Feisal Naqvi

The Bold and the Beyghairat

In Uncategorized on January 6, 2012 at 11:10 am

Who says live entertainment is dead in Pakistan? Turn on the TV and you can watch non-stop all-day episodes of the world’s biggest soap opera.

Like all the best soap operas, Pakistani politics mixes multiple storylines, high drama with low farce and shady escapades with death-defying heroics.

One story arc tracks the continuing rise of Imran Khan, now freshly empowered by the anti-establishment credentials of Javed Hashmi and the success of the Karachi jalsa (which, in turn, was enlivened by the best supporting actor performance of Shah Mehmood Qureshi).

Another storyline follows the freestyle wrestling match between the PPP and the army. In the red corner, we have the lumbering spirit of Andre the Giant as represented by the military. In the blue corner, we have the jiyalas doing their best impression of Rey Mysterio, the pint-sized masked luchador from Mexico known for his high-flying moves off the top-rope.

Like all wrestling matches, the referee, too, is part of the storyline.Enter therefore the Supreme Court, trying grimly to preserve its neutrality while also ensuring that the match follows the standard wrestling rules (no gouging, no spitting, no low blows) while each of the protagonists tries wholeheartedly to ‘accidentally’ knee the other in the unmentionables.

In the low farce category, we have a glut of noteworthy performances;Exhibit A being the tearful (and subsequently rejected) resignation on live television of the information minister, allegedly because of interference in her official duties. But while Apa Firdous may get the Oscar, honourable mention goes to the ‘shock and awe’ style assault on Nawaz Sharif’s birthday cake by the rank and file of the PML-N, followed shortly thereafter by the antics of the souvenir-minded PTI supporters who decided that their attendance at the meeting commemorating the entry of Khurshid Kasuri into the ranks of Imran Khan supporters entitled them to take home as many plastic chairs as they could carry away.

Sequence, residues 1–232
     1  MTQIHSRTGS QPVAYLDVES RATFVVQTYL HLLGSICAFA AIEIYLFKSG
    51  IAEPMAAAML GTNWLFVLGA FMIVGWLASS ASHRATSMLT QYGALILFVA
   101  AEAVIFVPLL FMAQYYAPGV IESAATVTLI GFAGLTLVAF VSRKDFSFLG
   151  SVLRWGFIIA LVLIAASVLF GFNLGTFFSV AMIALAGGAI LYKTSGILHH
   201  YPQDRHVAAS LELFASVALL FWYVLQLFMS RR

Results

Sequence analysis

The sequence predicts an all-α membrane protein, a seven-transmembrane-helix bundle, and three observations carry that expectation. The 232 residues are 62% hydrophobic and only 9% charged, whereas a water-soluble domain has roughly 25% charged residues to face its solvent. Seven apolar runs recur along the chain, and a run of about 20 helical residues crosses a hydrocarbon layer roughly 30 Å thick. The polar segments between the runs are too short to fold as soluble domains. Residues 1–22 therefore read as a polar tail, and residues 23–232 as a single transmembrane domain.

At this point in the column, I can just about sense the older, grumpier readers nodding their heads sagely and murmuring how the country is going to hell. Well, call me a contrarian but I think there is room for hope in this storyline too.

To begin with, there is nothing new about us going to hell. In fact, so far as I can remember, we’ve always been going to hell. To steal the words of Andy Rooney, “It’s just amazing how long this country’s been going to hell without ever actually having gotten there”.

On a more substantive note, I think the grumps are missing the forest for the trees: there is real substantive change happening in Pakistan.

For the past 60 plus years, we have been locked in a cycle of political despair where incompetent civilian governments have repeatedly wasted the opportunities provided to them and instead continually revalidated the army’s central thesis that the civilians cannot be trusted to exercise power in a responsible manner.